The third set of surveyors igo examines found the average American in a very different place. The biologist Alfred Kinsey, a professor at the University of Indiana (naturally), set out to discover how the average American has sex. What he discovered was that the average American was a pervert. That’s not how Dr. Kinsey would have put it, of course. From an unprecedented course of 5,300 interviews, Sexual Behavior in the Human Male, Kinsey’s research team specified how many times their subjects obtained “sexual outlet”: masturbation, nocturnal emission, heterosexual petting, heterosexual intercourse, homosexual outlet, and, yes, “animal contacts.” What they found was that under the existing sex laws, 95 percent of American men were criminals, and that 37 percent of men had had homosexual contact. And that was a result the doctor preferred to find. He was a closet sexual liberationist who believed that enlightened rationality could strike from the earth what he saw as the tyranny of sex laws and norms, rooted in shame, hypocrisy, and ignorance.

But were his findings right? The debate has raged ever since. His underlying methodological flaw was that a person had to be willing to submit to the most probing sexual interview imaginable to show up in the data. As one angry critic charged, “no normal moral man or woman” would ever do that. The critic had a point. People who were comfortable with sex did seem to be over-represented in his sample; as some of Igo’s examples make clear, for many the thought of being interviewed by Kinsey was in itself a sexual thrill. The problem was compounded when Kinsey turned his attention to Sexual Behavior in the Human Female. “Given reigning conventions about female modesty, the idea of women submitting to interviews with the all-male research team was especially unsettling,” Igo notes. “Many concluded that Kinsey’s female interviewees must have been prostitutes, or at the very least seriously maladjusted.”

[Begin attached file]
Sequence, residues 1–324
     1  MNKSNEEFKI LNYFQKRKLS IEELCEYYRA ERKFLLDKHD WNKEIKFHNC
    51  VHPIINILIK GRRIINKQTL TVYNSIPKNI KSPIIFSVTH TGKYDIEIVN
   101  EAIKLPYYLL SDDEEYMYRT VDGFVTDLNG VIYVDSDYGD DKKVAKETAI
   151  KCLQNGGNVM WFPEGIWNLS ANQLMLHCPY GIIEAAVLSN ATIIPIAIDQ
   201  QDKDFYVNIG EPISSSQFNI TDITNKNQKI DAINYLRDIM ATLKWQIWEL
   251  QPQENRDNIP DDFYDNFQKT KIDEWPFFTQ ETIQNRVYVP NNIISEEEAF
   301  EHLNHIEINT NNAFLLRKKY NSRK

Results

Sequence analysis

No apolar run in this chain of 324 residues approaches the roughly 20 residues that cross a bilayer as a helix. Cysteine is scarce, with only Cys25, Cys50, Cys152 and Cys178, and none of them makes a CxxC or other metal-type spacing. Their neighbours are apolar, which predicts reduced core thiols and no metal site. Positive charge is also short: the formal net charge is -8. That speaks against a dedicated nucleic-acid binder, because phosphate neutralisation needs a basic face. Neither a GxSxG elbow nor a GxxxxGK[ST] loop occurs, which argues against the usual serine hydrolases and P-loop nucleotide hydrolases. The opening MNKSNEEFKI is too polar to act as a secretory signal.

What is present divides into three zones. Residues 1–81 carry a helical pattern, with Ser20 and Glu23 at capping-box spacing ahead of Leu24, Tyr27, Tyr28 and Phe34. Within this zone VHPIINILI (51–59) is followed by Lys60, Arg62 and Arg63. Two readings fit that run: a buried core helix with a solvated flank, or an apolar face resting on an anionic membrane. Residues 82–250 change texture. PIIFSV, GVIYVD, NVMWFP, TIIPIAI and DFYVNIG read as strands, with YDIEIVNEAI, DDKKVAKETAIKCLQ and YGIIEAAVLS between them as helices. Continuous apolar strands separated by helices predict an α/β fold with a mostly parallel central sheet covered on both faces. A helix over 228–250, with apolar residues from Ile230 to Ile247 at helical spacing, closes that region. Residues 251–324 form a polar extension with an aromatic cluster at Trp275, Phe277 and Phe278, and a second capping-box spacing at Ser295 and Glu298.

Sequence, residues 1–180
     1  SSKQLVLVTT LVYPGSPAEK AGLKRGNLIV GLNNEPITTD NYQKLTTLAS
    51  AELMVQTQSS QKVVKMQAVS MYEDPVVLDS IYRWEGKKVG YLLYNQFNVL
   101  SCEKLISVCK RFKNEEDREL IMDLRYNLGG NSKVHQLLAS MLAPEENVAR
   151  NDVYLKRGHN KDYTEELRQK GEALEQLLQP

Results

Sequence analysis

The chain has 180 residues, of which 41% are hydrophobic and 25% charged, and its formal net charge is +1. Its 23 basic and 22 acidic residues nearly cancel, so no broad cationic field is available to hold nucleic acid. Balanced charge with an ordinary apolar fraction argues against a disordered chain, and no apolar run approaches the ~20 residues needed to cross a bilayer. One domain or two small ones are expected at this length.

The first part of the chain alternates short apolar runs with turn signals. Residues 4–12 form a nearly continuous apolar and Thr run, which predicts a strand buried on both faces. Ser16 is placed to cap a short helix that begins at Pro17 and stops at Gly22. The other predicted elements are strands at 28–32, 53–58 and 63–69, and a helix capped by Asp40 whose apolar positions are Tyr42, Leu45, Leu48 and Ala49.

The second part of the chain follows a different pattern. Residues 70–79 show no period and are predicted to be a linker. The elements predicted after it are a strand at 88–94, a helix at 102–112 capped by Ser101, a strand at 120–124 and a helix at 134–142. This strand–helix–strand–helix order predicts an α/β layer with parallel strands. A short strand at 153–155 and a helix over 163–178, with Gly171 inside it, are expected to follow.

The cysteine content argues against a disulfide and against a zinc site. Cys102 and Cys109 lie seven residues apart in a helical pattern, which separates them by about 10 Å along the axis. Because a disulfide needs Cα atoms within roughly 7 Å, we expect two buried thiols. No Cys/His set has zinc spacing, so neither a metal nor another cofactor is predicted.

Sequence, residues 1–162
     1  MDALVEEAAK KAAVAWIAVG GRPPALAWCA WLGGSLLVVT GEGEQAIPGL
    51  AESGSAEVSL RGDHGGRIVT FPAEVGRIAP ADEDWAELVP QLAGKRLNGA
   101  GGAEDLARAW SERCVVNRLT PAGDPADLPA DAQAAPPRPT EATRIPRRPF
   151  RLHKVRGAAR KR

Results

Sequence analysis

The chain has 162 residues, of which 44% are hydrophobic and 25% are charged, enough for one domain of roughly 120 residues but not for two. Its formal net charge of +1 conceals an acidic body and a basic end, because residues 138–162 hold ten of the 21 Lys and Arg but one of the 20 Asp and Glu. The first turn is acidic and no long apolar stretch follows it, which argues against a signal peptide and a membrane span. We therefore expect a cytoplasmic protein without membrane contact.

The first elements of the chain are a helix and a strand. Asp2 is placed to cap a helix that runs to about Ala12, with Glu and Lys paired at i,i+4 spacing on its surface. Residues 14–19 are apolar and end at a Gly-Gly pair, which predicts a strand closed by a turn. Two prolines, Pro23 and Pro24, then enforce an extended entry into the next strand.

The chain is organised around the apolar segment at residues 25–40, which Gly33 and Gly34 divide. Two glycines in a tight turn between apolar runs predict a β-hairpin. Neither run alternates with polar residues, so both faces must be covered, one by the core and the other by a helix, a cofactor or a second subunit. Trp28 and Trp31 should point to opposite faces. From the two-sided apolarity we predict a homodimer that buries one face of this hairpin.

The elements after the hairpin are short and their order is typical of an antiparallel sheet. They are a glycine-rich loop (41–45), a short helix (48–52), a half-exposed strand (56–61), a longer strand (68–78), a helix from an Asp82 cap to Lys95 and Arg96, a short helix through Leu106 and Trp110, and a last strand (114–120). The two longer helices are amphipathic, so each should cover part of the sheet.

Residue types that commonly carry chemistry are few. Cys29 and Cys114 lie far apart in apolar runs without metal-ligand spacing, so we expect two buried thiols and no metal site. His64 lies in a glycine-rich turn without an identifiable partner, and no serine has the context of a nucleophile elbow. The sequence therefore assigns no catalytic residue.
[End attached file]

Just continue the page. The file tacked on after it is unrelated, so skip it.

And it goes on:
The American inclination to believe that the American who is typical is for that reason good was about to receive a workout as never before. These people were not “good”—the very fact that they answered Kinsey’s questions was evidence of that. Therefore they could not be typical. How did critics of the study know? They were typical Americans, and they didn’t do any of these things. “I have lived with one woman for 46 years,” wrote one, “and I do not agree with your findings . . . when you show as one magazine reports that 62 percent of adult women practice masturbation.”

Such letters weren’t that different from the letters Gallup got. The vast majority of letter writers, Igo reports, “were troubled that a science claiming to speak for them had never bothered to ask their opinion in the first place.” Kinsey and Gallup, after their fashion, each argued that the average American had a special moral standing. So if you disagreed, you probably weren’t average. Worse, they may have been suggesting that something was wrong with you. Such were the wages of averaging Americans. (No one ever wrote Gallup to complain, “How dare you claim my opinion is in the majority?”) It is a uniquely American problem. Alexis de Tocqueville, after all, was fascinated by the paradox that in this most free of all nations, the one in which self-invention was supposed to be an accepted part of life, demands for conformity were more pervasive than in the unfree nations of Europe. E pluribus unum sometimes means denying that “the many” exist in the first place.

Rick Perlstein is the author of Before the Storm: Barry Goldwater and the Unmaking of the American Consensus. His new book, Nixonland: The Politics and Culture of the American Berserk, 1965-1972, is forthcoming.